Cell phones, schmell phones

   Have you ever found yourself bored in class, listening to your boring teacher’s boring lecture, and felt the urge to take your phone out? I have. But not for the same reasons as most. I do not want to be able to use my phone in class in order to text or Snapchat or tweet or Facebook message. I want to be able to use my phone in class in order to learn better.

   Unfortunately, using phones as tools may sound like a radical notion to the Arvada West administration. Although there are no rules prohibiting the use of electronics (such as cell phone) in the classroom in the Jefferson County Public Schools Conduct Code for the 2013-2014 school year, the Arvada West Student Handbook says otherwise. According to the 2012-2013 edition of the guide—the most recent one available on the school website—”Cell phones are prohibited in the academic halls at any point in the day. Students may use cell phones in the Commons, pre-function area, and outside.”

   Coincidentally, these are the areas where cell phones are the least useful. Of course students need them for calling and texting parents, coordinating rides home and the like, but beyond that what are they good for? If a student has a smartphone, for example, none of the capabilities of the computer in his or her pocket are being taken advantage of throughout the day, and to me that simply feels wrong.

   If my teacher tells me the homework is due tomorrow in class and I want to input into a device of my choice, under the current school policy I am not allowed to do that. I have to write it down somewhere because I do not have a planner, then copy it to the device later.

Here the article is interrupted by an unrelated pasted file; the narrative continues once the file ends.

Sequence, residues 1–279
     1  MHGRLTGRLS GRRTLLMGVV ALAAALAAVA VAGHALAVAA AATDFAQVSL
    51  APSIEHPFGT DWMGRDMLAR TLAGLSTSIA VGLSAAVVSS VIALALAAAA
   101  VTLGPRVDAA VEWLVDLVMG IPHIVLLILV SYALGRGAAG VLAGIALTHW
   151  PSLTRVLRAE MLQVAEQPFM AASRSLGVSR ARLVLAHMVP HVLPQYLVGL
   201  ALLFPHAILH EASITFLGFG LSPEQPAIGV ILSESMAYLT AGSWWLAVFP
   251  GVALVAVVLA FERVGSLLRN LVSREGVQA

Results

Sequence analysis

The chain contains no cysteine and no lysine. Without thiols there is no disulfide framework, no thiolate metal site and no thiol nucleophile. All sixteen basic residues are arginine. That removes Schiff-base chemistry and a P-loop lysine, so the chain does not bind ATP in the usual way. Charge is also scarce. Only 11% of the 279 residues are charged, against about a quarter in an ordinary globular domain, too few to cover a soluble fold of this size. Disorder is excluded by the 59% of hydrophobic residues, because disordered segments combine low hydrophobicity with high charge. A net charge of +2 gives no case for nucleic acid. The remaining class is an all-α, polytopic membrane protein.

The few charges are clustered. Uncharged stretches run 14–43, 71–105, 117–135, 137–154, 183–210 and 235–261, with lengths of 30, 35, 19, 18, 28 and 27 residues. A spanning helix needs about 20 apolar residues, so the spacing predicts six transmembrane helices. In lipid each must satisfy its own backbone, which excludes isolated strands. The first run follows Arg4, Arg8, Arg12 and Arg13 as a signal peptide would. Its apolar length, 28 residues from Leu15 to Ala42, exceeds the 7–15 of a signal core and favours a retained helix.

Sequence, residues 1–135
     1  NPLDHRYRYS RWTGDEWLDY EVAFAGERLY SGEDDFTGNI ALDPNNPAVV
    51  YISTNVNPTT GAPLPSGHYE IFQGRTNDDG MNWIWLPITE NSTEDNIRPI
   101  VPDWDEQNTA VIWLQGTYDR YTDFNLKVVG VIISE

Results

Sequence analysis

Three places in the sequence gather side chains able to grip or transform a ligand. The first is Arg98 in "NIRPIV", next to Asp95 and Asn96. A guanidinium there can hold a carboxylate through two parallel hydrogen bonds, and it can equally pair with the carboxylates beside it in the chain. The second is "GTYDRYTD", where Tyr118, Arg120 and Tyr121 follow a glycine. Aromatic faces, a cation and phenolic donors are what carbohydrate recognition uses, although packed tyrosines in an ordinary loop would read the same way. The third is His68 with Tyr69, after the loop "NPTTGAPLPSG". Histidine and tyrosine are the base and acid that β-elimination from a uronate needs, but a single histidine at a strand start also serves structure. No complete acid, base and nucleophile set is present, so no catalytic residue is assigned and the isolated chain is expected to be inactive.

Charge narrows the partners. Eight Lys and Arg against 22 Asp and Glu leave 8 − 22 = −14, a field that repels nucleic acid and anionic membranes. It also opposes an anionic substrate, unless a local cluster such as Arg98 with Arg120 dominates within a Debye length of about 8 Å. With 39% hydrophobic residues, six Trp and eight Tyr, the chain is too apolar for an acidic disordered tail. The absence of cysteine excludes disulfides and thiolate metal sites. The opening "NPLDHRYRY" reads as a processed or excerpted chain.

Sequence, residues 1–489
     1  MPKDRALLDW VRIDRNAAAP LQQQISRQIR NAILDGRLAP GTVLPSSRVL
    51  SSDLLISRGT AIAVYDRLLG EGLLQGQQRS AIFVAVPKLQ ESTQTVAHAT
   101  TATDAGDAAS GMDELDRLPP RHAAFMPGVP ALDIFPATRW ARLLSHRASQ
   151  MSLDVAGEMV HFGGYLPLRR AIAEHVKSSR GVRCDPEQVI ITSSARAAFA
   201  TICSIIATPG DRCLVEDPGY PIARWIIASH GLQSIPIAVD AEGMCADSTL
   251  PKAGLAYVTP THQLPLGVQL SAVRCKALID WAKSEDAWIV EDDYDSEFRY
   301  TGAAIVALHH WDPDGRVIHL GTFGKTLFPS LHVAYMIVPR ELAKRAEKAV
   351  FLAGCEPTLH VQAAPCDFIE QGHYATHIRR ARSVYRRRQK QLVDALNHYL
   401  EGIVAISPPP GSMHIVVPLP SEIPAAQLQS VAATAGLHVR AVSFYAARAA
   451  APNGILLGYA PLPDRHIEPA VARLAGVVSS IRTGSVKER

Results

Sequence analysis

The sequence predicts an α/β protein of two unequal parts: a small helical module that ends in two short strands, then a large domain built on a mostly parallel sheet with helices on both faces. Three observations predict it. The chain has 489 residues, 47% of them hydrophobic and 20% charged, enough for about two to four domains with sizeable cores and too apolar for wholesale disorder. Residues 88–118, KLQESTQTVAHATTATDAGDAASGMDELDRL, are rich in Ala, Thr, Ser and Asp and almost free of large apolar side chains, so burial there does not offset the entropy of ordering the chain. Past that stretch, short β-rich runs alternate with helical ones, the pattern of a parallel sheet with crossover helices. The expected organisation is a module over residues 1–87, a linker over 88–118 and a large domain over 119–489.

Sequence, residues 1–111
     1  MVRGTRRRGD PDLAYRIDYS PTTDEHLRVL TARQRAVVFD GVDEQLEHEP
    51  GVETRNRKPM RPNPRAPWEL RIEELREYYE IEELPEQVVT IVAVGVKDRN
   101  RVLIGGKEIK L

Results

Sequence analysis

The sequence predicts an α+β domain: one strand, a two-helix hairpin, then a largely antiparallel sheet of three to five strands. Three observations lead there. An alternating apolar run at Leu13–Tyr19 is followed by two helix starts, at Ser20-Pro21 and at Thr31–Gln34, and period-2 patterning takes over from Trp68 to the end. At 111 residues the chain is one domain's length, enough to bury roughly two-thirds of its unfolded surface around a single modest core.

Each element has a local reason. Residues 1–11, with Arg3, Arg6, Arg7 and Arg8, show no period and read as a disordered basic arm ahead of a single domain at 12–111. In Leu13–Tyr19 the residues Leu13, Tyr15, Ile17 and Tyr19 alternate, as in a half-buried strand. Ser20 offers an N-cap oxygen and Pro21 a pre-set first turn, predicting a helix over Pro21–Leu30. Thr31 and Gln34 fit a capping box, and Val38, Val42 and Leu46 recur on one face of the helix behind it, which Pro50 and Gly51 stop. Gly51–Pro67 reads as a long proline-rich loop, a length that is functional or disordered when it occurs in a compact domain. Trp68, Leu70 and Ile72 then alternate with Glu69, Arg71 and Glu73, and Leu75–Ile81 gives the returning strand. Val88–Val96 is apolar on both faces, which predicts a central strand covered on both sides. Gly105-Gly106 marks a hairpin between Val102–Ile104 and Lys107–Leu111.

Why not just get a planner and stop whining about it, you ask? It is a fair question. I fully admit the ability to put my homework in my phone is not a life or death, supremely important concern. It is, however, a daily task I have to do deal with and it is so much easier to have it in typed form where I can easily set a reminder for when to do it, look at it wherever I am and whenever I need to, and send it to my friends if they have forgotten.

   Most teenagers live in a world where the Internet is a major part of their daily lives, and to remove it from the learning aspect seems counterintuitive. Why am I not allowed to search for a definition in English, or translate a word in Spanish? Why am I unable to Google a theorem in Calculus, or look up an element in Chemistry? If our school district wants to bring learning into the twenty-first century, my cell phone cannot be left out.